Preparing Your Child for the Hospital Stay

Before talking to your child about an upcoming hospital stay, familiarize yourself with his or her condition or illness by discussing it with your physician. The better acquainted you are with the tests and treatments associated with your child's condition and the Hospital's programs and procedures before your child is admitted, the more you can focus on supporting your child during his or her hospital stay.

It is important to let your child know what to expect from an upcoming hospital stay. It is just as important to assure your child that he or she will not be alone. Your child should know that you and other family members will be on hand as much as possible and that the nurses and doctors will be available at all times.

Encourage your child to ask questions, no matter how silly they may sound, or write them down. It can also be helpful for your child to start a journal about his or her hospital experience. If your child is too young to write, have him or her draw, paint, or color instead. If you don't know the answers to some questions, be direct and tell your child you do not know; however, tell him or her that you will try to get answers as quickly as possible. To help prepare your child, you may want to read books and view videotapes that address a hospital stay.

The following are some general guidelines, broken down by age group, on how to prepare your child for a stay at the hospital. Please keep in mind that each child is different, and your child's capacity for understanding a hospital stay will be affected by many factors, such as developmental state, personality, and intelligence.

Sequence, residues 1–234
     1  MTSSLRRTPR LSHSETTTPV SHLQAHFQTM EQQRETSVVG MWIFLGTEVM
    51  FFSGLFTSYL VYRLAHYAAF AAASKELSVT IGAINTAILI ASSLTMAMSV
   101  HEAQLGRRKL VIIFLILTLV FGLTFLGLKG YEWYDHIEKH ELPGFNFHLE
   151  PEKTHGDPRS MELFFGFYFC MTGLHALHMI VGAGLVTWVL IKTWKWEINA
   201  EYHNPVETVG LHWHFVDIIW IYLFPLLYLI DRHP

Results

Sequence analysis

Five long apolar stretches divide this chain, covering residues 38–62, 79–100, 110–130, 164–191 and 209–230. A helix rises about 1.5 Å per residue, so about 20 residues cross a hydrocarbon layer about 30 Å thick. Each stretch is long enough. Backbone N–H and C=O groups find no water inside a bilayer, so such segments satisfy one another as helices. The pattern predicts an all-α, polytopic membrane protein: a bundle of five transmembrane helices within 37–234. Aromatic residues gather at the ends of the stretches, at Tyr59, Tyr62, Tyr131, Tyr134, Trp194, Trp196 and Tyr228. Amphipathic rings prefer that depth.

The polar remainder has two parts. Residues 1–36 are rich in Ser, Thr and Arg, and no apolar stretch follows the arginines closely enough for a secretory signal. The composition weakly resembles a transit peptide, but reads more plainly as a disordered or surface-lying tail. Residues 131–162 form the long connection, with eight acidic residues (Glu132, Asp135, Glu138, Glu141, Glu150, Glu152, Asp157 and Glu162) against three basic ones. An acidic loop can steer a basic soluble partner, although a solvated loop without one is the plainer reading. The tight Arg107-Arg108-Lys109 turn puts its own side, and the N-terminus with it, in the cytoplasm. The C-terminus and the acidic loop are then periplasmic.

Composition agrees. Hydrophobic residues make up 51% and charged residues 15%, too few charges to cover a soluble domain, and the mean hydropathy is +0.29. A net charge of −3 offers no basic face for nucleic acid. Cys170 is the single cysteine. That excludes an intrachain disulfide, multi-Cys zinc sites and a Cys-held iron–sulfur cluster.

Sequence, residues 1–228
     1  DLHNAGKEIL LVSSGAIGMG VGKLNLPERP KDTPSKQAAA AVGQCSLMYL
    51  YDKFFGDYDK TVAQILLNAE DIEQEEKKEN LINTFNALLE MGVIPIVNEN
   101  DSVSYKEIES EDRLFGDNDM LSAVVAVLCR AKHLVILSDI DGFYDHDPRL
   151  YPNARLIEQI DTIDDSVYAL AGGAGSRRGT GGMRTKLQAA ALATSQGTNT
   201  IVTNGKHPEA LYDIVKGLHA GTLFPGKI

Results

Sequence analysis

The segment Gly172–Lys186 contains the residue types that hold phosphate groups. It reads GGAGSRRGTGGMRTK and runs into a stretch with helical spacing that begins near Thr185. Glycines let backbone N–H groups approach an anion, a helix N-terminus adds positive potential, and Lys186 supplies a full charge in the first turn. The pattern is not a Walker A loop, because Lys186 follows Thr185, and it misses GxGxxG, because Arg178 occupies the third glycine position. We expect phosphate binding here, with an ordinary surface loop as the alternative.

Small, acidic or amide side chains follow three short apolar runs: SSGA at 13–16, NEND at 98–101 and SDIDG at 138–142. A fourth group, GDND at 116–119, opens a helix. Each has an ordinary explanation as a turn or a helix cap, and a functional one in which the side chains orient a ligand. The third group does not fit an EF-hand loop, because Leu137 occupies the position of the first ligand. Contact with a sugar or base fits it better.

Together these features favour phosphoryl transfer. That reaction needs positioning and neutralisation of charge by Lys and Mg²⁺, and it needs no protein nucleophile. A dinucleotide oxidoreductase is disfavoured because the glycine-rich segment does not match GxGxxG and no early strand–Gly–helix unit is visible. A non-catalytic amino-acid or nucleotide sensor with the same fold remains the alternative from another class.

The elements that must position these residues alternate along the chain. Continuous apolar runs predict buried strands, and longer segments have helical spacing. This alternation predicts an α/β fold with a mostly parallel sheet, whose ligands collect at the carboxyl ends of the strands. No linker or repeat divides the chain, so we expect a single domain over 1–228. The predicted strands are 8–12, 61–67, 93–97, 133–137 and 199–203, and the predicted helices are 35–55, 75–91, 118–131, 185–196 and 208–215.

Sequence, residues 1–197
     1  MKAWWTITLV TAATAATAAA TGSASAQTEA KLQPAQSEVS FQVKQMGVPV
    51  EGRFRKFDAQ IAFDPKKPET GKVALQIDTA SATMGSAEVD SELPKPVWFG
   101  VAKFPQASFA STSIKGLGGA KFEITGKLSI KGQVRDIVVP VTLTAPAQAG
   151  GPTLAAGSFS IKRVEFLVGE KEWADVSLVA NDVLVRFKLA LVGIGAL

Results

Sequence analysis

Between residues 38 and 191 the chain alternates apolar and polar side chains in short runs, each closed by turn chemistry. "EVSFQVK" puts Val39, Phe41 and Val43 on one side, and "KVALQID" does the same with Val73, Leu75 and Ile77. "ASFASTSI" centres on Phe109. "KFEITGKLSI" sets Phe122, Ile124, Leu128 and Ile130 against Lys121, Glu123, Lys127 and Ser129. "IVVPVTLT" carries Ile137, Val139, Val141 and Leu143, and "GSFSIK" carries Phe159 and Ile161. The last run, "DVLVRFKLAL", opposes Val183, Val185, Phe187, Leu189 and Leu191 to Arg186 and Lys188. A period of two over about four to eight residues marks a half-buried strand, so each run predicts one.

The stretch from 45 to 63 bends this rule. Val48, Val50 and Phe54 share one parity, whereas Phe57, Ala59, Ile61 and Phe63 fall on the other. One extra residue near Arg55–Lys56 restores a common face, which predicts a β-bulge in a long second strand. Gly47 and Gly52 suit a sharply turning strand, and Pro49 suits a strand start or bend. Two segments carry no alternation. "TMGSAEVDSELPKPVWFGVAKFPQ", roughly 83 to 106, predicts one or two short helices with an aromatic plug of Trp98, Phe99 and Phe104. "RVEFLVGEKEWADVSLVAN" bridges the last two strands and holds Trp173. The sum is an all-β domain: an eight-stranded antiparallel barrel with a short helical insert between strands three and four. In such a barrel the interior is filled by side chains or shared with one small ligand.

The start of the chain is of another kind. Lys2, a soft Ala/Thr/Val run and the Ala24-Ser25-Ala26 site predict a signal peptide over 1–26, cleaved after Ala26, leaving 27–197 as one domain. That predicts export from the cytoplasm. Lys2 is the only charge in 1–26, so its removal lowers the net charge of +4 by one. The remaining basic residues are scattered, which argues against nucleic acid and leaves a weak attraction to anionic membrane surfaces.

Ages 0-2

It is difficult to prepare infants and toddlers for a hospital visit. Talk with your toddler the day before the visit. Children at this age like to see their parents nearby, and they like to be held. The Hospital will give you every opportunity possible to be with your child. You can make your child feel more secure by bringing along a favorite stuffed animal, pacifier or blanket.

Ages 3-6

Three- to six-year-olds need more time to absorb information. Speak with your child a few days before the hospital stay. Children at this age are very concerned about being separated from their parents, so it is important for you to reassure your child that you will be available to help as much as possible.

Ages 7-12

Elementary school-age children love to ask questions, so encourage them to do so. Begin discussing the hospital stay a week or so before the admission, and be honest with your child about what to expect. Try to engage your child in the planning process as much as possible.

Ages 13-17

Teenagers must be treated with respect. They don't like to be kept in the dark and should be part of the conversation about a hospital stay from the beginning. Of all children, teenagers are best able to understand what will happen in the hospital and express their concerns. Encourage your teenager to ask questions and talk with doctors and nurses, but keep in mind that he or she may want some privacy.